Prostate cancer trial could see men cured within a week

·3 min read
Prostate cancer cells - Science Photo Library RF/Kateryna Kon/Science Photo Library RF
Prostate cancer cells - Science Photo Library RF/Kateryna Kon/Science Photo Library RF

Men could be cured of prostate cancer in a week using larger doses of precision radiotherapy, scientists believe.

A trial will begin this week at the London Royal Marsden Hospital to find out whether it is safe to radically speed up treatment.

Currently, men who develop prostate cancer are usually treated in 20 sessions over a month.

But scientists want to cut the therapy to just two high-dose treatments, which could be carried out over the space of one or two weeks.

The trial is the first in the world to compare the long-term outcomes for people using this kind of concentrated therapy, compared to the standard treatment.

Good odds if disease caught early

Around 48,500 men are diagnosed with prostate cancer each year, and if caught early enough there is an 80 per cent chance of survival with radiotherapy.

Dr Alison Tree, a consultant clinical oncologist at the Royal Marsden and the Institute of Cancer Research, London (ICR), told The Sunday Times, that in future, men may be able to "come in, get cured, get on with their normal lives and forget about their cancer completely".

Last month, the same team published the results of a trial showing that the number of sessions can be safely cut to five, with only minimal side effects.

The PACE-B trial found that, two years after treatment, nearly 90 per cent of all patients on the trial experienced only minor side effects, while 99 per cent were free of severe side effects, suggesting that shortened treatment can be given without the risk of long-term damage from toxicity.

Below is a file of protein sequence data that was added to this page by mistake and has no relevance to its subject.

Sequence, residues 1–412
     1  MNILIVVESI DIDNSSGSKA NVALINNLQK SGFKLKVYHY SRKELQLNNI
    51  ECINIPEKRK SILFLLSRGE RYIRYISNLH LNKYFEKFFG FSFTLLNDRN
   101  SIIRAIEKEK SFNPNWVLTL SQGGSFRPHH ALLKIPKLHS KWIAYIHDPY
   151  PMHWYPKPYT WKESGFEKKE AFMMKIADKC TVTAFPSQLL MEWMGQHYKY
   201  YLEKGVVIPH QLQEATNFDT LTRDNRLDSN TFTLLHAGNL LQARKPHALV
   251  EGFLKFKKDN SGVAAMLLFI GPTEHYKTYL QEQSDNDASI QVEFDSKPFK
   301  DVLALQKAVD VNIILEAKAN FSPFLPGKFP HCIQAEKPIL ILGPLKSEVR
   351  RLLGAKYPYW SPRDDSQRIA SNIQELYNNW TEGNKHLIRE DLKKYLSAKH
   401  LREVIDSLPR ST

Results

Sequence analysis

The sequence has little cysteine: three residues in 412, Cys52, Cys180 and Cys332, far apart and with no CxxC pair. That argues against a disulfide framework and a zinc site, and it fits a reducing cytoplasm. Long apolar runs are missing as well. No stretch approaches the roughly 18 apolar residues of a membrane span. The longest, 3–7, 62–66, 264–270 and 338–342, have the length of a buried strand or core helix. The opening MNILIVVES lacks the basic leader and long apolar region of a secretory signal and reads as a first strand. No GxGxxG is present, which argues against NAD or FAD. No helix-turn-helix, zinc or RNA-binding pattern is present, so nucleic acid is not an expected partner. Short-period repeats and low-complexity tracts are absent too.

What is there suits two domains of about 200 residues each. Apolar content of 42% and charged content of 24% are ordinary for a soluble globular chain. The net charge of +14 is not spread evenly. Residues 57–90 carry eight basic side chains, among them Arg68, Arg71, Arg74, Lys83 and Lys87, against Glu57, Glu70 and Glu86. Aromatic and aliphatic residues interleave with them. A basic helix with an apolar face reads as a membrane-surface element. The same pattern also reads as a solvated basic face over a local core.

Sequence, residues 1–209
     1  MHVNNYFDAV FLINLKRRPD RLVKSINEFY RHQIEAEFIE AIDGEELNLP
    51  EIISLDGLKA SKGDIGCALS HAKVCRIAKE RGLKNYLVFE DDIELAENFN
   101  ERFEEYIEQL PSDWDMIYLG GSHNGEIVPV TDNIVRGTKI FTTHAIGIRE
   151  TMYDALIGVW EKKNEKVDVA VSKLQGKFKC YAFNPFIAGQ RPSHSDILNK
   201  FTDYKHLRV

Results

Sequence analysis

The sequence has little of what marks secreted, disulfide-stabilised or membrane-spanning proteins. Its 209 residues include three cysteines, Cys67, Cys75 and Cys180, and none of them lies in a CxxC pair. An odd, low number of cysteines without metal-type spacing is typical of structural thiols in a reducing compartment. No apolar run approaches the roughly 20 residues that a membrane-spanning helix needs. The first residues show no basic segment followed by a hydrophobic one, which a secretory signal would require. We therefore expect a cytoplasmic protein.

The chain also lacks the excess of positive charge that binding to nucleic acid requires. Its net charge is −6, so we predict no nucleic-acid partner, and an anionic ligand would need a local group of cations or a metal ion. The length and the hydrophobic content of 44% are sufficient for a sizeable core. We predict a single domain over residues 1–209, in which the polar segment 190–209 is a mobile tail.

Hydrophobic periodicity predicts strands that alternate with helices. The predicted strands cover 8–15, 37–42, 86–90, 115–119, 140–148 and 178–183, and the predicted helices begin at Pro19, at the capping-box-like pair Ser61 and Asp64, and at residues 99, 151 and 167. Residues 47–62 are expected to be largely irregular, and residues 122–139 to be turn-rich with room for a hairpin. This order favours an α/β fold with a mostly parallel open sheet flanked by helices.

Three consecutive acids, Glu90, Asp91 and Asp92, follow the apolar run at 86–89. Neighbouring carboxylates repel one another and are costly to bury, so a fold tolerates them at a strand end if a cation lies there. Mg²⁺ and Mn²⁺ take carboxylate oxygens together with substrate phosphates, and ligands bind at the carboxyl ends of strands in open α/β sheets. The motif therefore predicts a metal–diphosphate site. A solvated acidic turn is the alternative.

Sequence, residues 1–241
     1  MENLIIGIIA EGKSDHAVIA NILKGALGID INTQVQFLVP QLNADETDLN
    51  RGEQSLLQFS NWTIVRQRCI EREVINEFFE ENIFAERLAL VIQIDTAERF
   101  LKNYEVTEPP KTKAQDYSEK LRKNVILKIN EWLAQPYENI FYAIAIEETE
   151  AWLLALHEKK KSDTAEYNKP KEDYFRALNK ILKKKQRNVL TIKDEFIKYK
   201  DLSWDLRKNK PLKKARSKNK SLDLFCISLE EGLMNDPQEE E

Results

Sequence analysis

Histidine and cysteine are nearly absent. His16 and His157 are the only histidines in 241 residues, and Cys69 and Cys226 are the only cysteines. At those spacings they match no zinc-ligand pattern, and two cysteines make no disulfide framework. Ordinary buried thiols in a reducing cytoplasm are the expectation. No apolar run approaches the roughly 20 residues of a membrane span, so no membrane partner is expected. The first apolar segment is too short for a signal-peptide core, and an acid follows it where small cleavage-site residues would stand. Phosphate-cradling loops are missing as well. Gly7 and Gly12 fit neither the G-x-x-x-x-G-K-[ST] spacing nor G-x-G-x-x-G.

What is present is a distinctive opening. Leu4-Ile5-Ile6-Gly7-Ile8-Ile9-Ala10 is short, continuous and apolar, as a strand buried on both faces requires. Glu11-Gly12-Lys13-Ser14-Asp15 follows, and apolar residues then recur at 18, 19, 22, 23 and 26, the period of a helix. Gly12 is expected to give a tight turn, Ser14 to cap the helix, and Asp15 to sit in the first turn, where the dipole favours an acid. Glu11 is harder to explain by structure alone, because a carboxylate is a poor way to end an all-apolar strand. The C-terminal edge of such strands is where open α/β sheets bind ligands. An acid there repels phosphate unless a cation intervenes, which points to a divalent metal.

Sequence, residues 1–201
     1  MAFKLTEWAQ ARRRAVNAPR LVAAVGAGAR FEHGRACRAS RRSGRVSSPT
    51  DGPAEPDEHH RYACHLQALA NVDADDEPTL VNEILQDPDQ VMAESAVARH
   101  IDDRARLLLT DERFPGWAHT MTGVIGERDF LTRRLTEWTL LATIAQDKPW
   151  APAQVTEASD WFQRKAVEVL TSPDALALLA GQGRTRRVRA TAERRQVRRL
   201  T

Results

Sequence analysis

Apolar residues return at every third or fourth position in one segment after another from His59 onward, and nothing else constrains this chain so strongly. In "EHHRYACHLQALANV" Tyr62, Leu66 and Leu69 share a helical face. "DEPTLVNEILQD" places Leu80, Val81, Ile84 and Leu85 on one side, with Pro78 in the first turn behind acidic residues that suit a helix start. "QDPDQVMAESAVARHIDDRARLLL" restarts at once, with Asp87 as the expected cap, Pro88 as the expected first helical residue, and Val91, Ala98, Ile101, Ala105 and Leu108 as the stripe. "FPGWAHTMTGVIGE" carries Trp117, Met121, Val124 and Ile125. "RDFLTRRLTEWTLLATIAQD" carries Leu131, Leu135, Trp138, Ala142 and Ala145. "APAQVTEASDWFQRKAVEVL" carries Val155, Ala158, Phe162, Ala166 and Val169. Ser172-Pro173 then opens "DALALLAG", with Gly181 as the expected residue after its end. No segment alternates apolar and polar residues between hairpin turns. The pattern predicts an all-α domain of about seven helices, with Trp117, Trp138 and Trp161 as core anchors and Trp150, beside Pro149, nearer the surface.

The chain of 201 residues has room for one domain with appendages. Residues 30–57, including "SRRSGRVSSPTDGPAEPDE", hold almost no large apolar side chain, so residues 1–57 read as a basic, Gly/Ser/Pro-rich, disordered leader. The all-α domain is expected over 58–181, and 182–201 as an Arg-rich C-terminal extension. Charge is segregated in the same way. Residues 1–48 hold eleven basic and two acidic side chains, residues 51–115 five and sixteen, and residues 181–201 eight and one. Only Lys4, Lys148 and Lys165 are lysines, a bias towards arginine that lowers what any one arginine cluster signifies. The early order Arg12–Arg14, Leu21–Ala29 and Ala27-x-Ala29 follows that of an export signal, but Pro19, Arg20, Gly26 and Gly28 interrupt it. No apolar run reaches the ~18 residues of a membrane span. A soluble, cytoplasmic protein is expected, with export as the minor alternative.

Chief Investigator Dr Nicholas van As, medical director and consultant clinical oncologist at The Royal Marsden NHS Foundation Trust, said: “At The Royal Marsden and the Institute of Cancer Research, we are focused on developing smarter, better and kinder treatments for patients across the UK and internationally.

“Patients could be spared numerous visits to hospital, allowing them to get back to their lives sooner.”

Specialists have been able to cut the number of sessions because radiotherapy has become more precise in recent years, meaning there is less risk of healthy tissue being damaged, so higher doses can be given.

Scientists also think that giving higher doses in one go may actually be more effective at fighting cancer. Experts have found that blitizing tumours with large doses may be better at quickly stopping the disease than using several lower doses.

Dr Tree added: “When I started training 15 years ago we were doing very basic radiotherapy, where you'd treat big, square areas of the body.

“We are so much more precise that we don't hit much of the healthy tissue now.”

However some charities warned that although a shorter course of treatment may be appealing, the more precision equipment was only available in a handful of clinics, meaning men may need to travel long distances.

One in six men will develop prostate cancer at some point in their lives and the condition is far more common in older men, particularly those aged between 75 and 79.

It is also more likely in people who are overweight and those with a family history of the condition.

Cutting the number of treatments needed will also help the NHS save money and free up appointments. There is currently a huge backlog for treatments that were not carried out during the height of the Covid pandemic.